Recently, the conservative magazine Time chose as its cover story a striking critique of what it defined as the financialization of contemporary capitalism. In other words, this means an economy in which financial capital fails to adequately supply the productive sector and circulates mainly in a separate world, one of multiple forms of speculation. This situation contributes to the stagnation of the world economy, with mediocre growth and the constant risk of recession, despite low interest rates and inflation (Brazil is an extreme case: recession with inflation and high interest rates). Globally, financialization contributes, among other factors, to structural unemployment, poor growth, income concentration, indebtedness, and public deficit, which have incited austerity measures that tend to generate vicious circles.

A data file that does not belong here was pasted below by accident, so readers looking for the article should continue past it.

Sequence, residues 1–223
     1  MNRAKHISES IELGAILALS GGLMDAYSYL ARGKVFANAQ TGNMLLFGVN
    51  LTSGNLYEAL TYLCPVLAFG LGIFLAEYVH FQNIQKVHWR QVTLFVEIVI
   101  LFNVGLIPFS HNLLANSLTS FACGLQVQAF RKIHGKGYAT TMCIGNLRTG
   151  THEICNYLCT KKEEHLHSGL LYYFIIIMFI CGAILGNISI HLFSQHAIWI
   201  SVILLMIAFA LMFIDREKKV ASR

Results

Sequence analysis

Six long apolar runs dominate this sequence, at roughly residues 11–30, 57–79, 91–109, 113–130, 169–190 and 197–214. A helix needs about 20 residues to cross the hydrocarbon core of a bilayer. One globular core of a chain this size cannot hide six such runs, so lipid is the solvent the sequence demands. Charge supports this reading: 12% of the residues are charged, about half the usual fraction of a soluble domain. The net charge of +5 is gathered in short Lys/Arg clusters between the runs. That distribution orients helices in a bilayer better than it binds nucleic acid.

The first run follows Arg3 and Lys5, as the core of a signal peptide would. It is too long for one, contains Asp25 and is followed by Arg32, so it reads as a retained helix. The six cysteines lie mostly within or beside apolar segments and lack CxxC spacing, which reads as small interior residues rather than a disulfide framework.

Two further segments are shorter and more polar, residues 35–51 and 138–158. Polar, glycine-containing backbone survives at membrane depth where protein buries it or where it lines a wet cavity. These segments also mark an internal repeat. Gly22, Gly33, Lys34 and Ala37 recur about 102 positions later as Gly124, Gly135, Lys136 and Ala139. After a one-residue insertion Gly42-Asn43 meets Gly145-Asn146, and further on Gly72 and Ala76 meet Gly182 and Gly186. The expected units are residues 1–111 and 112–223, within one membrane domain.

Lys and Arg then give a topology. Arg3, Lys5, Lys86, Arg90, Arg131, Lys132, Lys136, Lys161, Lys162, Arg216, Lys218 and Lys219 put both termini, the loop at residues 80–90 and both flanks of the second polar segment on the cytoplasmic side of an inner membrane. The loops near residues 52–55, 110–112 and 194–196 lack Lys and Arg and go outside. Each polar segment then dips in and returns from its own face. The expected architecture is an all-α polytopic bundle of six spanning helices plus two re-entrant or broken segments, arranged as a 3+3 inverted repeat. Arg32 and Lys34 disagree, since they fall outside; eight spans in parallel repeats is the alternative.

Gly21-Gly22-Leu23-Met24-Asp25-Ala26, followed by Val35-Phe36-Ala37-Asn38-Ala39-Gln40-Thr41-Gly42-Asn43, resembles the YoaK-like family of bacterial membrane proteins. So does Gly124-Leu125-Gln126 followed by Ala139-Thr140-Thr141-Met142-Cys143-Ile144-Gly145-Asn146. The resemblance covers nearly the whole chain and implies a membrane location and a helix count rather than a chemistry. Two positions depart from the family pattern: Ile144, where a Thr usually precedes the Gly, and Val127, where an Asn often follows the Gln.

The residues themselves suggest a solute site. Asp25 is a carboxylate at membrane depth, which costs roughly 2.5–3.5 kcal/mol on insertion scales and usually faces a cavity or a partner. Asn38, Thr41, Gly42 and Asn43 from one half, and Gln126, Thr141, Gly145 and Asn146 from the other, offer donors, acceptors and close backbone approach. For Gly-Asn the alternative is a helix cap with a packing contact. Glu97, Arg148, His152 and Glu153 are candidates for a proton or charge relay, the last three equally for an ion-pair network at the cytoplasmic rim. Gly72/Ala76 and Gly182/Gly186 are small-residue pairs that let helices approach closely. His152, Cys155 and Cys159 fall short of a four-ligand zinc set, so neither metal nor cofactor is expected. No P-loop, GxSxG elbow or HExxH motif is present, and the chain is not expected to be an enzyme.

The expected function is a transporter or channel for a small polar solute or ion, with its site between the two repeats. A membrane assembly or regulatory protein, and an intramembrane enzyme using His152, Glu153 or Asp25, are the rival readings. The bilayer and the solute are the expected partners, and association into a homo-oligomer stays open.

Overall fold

At the same time, climate change has become a major challenge for humanity in this century. Its consequences are already clearly visible: greater and more frequent floods and inundations; the accelerated melting of glaciers at the poles and in mountain ranges; the increase and acidification of the oceans – which have come with alarming scientific predictions of heat waves, droughts, forest fires, huge losses in agriculture and food production, repeated damage to urban health, transport and communications infrastructure, as well as new risks of new pests and diseases, migration, tension and conflict. The civil war in Syria was preceded by five years of drought, a collapse in agriculture, and mass migration to the urban outskirts.